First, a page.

I’m halfway done reading the book, “Family Properties: How the Struggle Over Race and Real Estate Transformed Chicago and Urban America“, by Beryl Satter, and I’ve started keeping a list of all the places she mentions.
The book is about her father, and the history of racist housing policies and displacement in Chicago’s West Side. Mark Satter, who died of heart problems when he was 49, owned several properties in Lawndale and Garfield Park.
One of them was a 12-flat in West Garfield Park at 3901 W Jackson Blvd, one block west of the eponymous park. Mark died in 1965, and the properties reverted to a trust he had set up, controlled by his wife, Clarice. Mired in debt to contractors and the mortgage, Clarice had family friend, Irving Block, sell the four properties.
3901 W Jackson Blvd eventually became the property of L.J. Epstein, a known slumlord, in 1967. (It’s unclear in the book, and online deed records don’t go that far back, if it was owned by someone else between Clarice selling it and L.J. acquiring it.)
Less than two years later, though, because of L.J.’s neglect of the building, Judge Kral placed it in receivership because of the activism of Ruby Kirk, a Black tenant from Tennessee.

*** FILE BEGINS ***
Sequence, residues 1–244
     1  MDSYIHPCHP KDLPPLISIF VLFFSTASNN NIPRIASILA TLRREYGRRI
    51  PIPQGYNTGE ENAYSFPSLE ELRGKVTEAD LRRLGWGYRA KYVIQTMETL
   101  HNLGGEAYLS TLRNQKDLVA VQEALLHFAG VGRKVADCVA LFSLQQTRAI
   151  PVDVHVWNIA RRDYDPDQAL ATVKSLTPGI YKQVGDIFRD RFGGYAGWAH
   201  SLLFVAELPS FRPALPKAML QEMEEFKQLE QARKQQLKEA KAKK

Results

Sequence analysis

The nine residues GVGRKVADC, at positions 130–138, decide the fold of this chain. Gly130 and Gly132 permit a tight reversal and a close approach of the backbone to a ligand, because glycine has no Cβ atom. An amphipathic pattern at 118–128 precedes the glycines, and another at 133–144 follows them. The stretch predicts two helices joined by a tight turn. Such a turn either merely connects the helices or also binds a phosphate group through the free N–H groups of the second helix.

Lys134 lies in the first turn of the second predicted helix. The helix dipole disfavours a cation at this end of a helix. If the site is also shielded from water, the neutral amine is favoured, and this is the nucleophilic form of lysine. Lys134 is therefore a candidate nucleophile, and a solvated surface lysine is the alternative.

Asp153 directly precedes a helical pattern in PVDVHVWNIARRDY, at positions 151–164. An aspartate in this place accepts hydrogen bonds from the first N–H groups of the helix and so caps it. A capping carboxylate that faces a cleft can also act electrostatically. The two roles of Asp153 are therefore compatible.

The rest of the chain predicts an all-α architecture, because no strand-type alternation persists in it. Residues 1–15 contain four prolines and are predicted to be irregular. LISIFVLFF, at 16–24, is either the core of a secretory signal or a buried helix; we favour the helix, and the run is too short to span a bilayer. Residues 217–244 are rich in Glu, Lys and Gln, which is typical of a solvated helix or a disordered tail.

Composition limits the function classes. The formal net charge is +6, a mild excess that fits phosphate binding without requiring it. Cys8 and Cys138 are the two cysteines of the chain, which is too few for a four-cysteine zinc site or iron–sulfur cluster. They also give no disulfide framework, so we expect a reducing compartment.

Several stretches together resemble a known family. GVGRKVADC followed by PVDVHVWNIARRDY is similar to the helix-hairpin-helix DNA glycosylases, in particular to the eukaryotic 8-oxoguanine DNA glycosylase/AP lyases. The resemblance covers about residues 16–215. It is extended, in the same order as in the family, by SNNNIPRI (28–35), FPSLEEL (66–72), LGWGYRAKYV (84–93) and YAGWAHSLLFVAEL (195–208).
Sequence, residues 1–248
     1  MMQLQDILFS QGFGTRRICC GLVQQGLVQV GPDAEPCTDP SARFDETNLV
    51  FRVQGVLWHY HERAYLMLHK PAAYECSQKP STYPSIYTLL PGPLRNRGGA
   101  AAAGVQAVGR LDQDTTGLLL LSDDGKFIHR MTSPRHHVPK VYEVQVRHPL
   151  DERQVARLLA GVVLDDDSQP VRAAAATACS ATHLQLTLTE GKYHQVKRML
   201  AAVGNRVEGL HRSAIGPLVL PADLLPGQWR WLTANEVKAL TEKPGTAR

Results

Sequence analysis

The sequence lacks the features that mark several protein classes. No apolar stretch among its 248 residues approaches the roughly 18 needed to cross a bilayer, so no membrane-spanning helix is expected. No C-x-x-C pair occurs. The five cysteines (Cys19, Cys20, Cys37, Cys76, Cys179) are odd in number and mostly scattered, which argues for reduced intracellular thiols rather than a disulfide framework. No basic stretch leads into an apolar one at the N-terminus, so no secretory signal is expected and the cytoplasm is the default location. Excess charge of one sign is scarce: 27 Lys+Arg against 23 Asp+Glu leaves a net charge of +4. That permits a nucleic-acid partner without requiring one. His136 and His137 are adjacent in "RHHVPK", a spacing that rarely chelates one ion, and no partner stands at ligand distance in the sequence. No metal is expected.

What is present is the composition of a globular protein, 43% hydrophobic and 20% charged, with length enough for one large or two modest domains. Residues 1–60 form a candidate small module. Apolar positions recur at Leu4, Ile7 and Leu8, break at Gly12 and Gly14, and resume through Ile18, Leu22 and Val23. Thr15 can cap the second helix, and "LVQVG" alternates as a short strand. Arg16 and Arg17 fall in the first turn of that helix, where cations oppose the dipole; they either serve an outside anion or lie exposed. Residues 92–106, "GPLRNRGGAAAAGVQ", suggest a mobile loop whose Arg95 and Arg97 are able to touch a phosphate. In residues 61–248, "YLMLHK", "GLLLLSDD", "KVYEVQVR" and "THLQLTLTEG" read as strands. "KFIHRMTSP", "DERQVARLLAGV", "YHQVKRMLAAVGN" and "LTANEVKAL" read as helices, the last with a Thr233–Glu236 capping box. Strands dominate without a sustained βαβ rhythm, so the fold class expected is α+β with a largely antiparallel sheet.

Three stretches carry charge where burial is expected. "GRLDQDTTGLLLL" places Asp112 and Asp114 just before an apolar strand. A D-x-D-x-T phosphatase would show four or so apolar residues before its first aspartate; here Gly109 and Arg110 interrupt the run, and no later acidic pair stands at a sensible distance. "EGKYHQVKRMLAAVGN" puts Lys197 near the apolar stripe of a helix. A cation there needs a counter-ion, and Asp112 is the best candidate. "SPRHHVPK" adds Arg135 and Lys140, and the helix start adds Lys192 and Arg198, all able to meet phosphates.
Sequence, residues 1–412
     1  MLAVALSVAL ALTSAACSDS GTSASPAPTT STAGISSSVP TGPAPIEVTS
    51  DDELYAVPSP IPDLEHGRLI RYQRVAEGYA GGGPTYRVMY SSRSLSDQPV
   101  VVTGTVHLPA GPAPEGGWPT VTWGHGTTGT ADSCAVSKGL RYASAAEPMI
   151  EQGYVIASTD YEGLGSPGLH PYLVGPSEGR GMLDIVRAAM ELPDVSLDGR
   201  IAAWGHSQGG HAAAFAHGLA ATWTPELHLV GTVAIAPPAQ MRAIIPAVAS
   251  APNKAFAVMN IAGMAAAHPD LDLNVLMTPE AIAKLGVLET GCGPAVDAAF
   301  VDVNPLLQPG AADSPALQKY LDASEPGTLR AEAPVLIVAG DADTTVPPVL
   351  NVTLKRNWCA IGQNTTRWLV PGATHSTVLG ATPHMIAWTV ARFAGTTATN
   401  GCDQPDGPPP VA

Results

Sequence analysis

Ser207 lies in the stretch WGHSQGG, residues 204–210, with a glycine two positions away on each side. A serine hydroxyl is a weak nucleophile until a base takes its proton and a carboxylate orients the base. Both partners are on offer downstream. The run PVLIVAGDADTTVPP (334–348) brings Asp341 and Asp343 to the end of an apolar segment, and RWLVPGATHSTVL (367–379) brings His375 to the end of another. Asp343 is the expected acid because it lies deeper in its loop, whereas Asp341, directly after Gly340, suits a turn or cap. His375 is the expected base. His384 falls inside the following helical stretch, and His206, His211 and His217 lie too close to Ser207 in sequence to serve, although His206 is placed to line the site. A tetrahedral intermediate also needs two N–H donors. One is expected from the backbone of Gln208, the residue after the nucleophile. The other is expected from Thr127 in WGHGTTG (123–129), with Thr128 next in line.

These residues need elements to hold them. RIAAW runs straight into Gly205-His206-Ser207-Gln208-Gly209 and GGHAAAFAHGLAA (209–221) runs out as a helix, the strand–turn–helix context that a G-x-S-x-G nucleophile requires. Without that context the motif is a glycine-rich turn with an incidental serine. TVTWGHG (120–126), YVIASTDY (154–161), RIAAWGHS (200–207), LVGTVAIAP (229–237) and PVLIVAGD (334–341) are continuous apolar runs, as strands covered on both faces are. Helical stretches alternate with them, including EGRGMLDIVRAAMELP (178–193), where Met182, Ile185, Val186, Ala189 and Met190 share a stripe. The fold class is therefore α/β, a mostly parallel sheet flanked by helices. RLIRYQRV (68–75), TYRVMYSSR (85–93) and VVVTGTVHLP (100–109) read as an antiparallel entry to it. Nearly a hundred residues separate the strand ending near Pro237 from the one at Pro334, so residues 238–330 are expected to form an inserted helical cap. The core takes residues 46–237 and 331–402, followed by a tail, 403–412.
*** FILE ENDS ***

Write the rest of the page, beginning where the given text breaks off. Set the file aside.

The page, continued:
The judge made Ruby the receiver, because the judge perceived that she cared about the building more than the owner. Ruby created a non-profit corporation on Monday, September 22, 1969, called “Chicago’s Best Landlord, Inc.” (It was involuntarily dissolved on February 1, 2003.)
Beryl wrote that during the remodel the corporation’s name was engraved into the stone above the front door. Along with the initials of the tenants at the time. As I was reading it I thought that stone had to still be there, and since I was biking over to Garfield Park for some hot air balloon training with a couple friends, I would stop by.
Ruby was also successful in pressing First National Bank of Chicago to issue a loan to her, a Black woman, when banks refused to lend to Black people as the Federal Housing Administration refused to insure the loans. If you’re from around here, you may remember that First National Bank merged with Banc One to become Bank One, which then became part of Chase. Chase is the second largest loan issuer in Chicago, and still has a “hard time” lending to Black people. It was also then, however, that the federal rules changed and FHA would insure mortgages in Black neighborhoods.
Chicago’s Best Landlord, Inc. owned the 12-flat from 1969 until 2001, when the U.S. Department of Housing and Urban Development (HUD) foreclosed the property. First National Bank had assigned the mortgage to HUD in 1976.
Peter Gritzanis purchased the property for $270,000, according to the deed recorded on June 28, 2001, at the Cook County Recorder of Deeds office. It looks like Peter stopped owning it in 2012.